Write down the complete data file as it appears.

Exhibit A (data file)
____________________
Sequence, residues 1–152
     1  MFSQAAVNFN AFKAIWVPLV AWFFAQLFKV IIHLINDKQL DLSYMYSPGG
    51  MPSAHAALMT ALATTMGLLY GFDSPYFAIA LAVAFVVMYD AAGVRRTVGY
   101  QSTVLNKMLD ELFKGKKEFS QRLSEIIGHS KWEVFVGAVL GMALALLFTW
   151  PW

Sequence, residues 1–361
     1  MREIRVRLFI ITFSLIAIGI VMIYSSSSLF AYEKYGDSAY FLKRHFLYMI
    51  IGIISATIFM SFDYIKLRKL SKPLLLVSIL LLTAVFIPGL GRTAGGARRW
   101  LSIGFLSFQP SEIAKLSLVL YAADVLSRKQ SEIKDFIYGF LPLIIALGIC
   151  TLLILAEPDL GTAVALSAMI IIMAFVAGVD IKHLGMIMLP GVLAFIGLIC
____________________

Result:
Sequence, residues 1–152
     1  MFSQAAVNFN AFKAIWVPLV AWFFAQLFKV IIHLINDKQL DLSYMYSPGG
    51  MPSAHAALMT ALATTMGLLY GFDSPYFAIA LAVAFVVMYD AAGVRRTVGY
   101  QSTVLNKMLD ELFKGKKEFS QRLSEIIGHS KWEVFVGAVL GMALALLFTW
   151  PW

Sequence, residues 1–361
     1  MREIRVRLFI ITFSLIAIGI VMIYSSSSLF AYEKYGDSAY FLKRHFLYMI
    51  IGIISATIFM SFDYIKLRKL SKPLLLVSIL LLTAVFIPGL GRTAGGARRW
   101  LSIGFLSFQP SEIAKLSLVL YAADVLSRKQ SEIKDFIYGF LPLIIALGIC
   151  TLLILAEPDL GTAVALSAMI IIMAFVAGVD IKHLGMIMLP GVLAFIGLIC